Deposition of atmospheric particles within the Buddhist cave temples at Yungang, China
The Buddhist cave temples at Yungang, China, are soiled at a rapid rate by the deposition of airborne particles. Average mass deposition rates to horizontal surfaces of 13.42 μg m^(−2) s^(−1) outdoors and 5.23 μg m^(−2) s^(−1) inside Cave 6 were measured over a 1 yr period in 1991–1992. These rates are comparable to the rates inferred by examination of historically accumulated deposits within the caves. The surface area coverage by coarse particles is dominated by particles larger than about 10–20 μm in diameter, while the mass flux is dominated by even larger particles greater than 20–30 pm in diameter. Comparison of the deposition rate in Cave 6, which retains its wooden temple front structure, to that in Cave 9 which is open to the outdoors shows that the temple front does provide some protection. During spring 1991, the deposition rate to horizontal surfaces in Cave 6 was 4.5 μg m^(−2)s^(−1) compared to 13.4 μg m^(−2)s^(−1) in Cave 9 and 21.5 μg m^(−)2s^(−1) outdoors.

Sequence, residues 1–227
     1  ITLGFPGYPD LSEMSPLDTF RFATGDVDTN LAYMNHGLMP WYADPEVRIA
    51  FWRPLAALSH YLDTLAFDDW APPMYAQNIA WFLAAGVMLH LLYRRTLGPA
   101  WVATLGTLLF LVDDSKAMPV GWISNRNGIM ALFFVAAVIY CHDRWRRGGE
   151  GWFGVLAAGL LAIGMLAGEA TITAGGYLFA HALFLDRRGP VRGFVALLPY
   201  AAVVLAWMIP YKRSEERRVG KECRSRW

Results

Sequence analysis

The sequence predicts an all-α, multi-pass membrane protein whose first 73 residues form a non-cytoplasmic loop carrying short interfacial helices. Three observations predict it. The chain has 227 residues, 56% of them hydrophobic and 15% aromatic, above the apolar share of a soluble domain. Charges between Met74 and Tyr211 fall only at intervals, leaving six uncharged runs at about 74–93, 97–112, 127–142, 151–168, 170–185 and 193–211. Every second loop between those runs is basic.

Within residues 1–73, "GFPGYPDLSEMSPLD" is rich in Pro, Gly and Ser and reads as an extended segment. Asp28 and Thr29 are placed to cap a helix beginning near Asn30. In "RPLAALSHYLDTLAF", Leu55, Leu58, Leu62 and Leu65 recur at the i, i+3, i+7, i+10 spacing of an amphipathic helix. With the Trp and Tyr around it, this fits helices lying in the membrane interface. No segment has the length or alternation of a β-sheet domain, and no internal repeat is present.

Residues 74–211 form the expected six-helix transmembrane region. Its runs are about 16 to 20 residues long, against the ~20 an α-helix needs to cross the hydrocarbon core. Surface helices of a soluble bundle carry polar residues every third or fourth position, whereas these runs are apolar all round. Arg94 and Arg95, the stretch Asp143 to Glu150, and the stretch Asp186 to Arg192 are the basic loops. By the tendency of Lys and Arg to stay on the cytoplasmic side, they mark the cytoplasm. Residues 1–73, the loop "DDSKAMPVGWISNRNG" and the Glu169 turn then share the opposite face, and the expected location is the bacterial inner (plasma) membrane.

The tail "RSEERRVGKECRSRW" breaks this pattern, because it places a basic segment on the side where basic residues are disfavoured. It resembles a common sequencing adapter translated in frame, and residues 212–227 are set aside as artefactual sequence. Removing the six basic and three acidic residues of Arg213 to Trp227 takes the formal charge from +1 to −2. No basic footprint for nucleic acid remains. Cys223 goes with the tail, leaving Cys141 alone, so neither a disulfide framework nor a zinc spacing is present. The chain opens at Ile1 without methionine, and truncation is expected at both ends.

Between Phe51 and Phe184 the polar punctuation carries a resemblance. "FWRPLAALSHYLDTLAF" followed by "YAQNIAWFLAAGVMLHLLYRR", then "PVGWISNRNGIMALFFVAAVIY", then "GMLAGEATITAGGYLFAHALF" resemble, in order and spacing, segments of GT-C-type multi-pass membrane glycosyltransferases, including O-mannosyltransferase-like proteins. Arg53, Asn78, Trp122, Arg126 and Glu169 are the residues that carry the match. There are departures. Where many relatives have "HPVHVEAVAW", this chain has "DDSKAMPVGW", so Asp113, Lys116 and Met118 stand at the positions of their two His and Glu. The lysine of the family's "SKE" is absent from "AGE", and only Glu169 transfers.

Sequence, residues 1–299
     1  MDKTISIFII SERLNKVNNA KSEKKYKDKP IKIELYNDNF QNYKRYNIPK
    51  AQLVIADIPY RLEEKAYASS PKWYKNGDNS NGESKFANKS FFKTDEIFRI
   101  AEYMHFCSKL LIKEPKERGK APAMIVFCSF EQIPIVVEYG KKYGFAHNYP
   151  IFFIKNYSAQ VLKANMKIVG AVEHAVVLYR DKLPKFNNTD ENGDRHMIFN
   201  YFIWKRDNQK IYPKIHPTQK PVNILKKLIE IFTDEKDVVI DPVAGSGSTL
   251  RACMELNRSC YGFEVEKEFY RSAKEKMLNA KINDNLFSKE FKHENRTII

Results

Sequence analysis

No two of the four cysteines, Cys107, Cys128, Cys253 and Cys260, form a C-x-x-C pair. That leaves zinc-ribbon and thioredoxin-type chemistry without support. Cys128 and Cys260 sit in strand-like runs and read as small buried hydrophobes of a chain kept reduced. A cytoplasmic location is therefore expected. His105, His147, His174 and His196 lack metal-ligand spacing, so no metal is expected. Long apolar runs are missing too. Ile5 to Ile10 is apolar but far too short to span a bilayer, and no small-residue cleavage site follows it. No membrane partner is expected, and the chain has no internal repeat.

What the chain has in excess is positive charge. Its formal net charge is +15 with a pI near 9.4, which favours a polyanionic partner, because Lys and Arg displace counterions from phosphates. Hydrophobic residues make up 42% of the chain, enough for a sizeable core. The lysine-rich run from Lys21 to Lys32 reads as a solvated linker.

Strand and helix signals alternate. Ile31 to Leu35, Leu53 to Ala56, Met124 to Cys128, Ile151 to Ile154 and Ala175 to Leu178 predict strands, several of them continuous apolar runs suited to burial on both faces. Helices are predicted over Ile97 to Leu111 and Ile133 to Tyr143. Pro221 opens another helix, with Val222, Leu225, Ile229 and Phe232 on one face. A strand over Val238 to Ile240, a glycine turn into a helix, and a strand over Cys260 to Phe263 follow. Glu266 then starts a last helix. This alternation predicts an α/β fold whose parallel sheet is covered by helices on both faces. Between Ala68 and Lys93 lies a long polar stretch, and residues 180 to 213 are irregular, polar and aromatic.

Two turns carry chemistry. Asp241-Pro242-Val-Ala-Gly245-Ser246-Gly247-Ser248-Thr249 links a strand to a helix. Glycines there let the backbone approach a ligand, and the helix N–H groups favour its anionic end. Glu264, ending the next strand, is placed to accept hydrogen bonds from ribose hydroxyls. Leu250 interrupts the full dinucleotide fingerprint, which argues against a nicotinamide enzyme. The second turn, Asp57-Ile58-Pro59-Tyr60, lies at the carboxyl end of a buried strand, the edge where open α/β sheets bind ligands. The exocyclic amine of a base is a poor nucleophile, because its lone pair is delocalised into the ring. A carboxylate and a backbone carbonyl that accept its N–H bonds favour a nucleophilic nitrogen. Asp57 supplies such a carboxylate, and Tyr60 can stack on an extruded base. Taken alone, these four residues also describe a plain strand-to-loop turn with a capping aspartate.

© 1994 Elsevier Science Ltd. First received 7 June 1993 and in final form 22 December 1993. Available online 7 April 2004. This work is supported by a research agreement from the Getty Conservation Institute (GCI). The co-operation and assistance of the staff of the Yungang Grottoes and the State Bureau of Cultural Relics, Beijing is gratefully acknowledged including Huang Kezhong, Zhu Changling, Sheng Weiwei, Li Xiu Qing, Li Hua Yuan, Xie Ting Fan, Yuan Jin Hu, Huang Ji Zhong, Zhi Xia Bing, Bo Guo Liang of the Shanxi Institute of Geological Science, and Zhong Ying from Taiyuan University. Assistance critical to this work was provided by the Getty Conservation Institute and their consultants, and we especially thank Neville Agnew, Po-Ming Lin, Shin Maekawa, and Roland Tseng for their help.